Follow hashtags to keep up with your community and see what’s trending. When you log in to your LinkedIn Home page, you’ll see a section on the left side with your Groups and Followed Hashtags. You can choose hashtags relevant to you and your interests/brand, and see content on your feed with these hashtags so you discover new content. Click “Discover More” to find hashtags to follow.

And guess what? Following these hashtags will show you content your organization can engage with, like updates you can comment on and like, and conversations you can jump into. Make this part of your routine to boost your LinkedIn presence, and don’t forget to follow the hashtag of your organization’s name (like #thegoodlemon) so you can catch if anyone’s posting about you with it.

Communities LinkedIn Company Page

Add hashtags to your Company Page. When you go to your Company Page, look on the right side; you’ll see Communities, where hashtags related to your organization can be added, like this —>

Pick hashtags that you’re comfortable being associated with publicly!

Tag users and organizations in your Updates. This is an oldie-but-goodie; when you mention colleagues, thought leaders, or other organizations on Linkedin, tag them so they see your shout-out. It’s tried-and-true.

Get your employees involved. In the future, LinkedIn is going to make it easier for you to find your employees’ posts that mention your organization and re-share those posts to your Company Page. For now, ask your staff to like and share your Company Page updates, and to suggest content too. This is the place to talk about what they’re working on and what makes them proud to be on your team! And don’t forget to make sure they’ve updated their profiles with your Company as their current workplace.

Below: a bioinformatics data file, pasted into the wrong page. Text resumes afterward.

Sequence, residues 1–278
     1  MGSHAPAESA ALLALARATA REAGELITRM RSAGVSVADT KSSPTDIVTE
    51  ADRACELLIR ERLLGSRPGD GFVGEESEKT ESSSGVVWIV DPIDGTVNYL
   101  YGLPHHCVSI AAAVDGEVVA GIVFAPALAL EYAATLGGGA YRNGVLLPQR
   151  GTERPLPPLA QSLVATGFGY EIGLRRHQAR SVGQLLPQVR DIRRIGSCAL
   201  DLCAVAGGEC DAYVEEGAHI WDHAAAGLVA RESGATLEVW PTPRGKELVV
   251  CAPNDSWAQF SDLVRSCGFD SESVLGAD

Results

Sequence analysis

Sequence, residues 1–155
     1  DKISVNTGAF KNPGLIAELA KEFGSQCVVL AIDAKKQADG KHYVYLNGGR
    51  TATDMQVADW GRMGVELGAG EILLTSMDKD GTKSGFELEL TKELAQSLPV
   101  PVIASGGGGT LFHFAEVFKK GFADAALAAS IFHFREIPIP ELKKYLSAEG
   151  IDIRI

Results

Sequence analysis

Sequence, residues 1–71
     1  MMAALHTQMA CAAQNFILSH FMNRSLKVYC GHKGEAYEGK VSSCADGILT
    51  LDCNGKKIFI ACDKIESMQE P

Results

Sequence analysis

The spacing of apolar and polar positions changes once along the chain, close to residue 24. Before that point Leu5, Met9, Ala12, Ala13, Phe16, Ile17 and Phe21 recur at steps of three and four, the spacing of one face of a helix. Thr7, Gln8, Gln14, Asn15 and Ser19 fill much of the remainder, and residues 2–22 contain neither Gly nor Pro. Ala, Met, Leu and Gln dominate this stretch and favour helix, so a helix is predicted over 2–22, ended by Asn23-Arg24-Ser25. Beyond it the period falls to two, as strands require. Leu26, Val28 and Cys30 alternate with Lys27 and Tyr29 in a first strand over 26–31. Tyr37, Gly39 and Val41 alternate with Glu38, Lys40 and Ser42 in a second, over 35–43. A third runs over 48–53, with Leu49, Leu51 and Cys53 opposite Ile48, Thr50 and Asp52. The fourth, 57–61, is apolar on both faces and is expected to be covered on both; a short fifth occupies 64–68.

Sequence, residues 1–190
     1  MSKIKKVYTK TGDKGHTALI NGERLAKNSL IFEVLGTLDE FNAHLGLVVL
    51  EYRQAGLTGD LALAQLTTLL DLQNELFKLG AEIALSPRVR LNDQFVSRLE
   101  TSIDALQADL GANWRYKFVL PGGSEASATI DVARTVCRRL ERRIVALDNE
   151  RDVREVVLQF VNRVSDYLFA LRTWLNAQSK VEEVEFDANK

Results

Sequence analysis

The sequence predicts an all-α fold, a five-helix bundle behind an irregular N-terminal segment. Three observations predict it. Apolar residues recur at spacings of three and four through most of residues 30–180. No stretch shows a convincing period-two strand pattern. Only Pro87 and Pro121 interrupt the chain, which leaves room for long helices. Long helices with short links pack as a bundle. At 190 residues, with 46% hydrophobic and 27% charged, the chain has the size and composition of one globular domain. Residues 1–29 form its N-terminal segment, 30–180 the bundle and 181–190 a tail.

Going forward, LinkedIn will be enhancing your ability to highlight customer testimonials and reviews, and we’re guessing there will be even more updates coming, so we’ll keep you in the loop. Don’t forget to brush up on these LinkedIn stats to learn more about who is using LinkedIn and why in 2019; this platform’s popularity might surprise you.

Next week, we’ll cover your personal profile and how you can start building your brand and thought leadership there in a way that also boosts your company’s profile. We’re beyond basics here, y’all; this is LinkedIn for pros!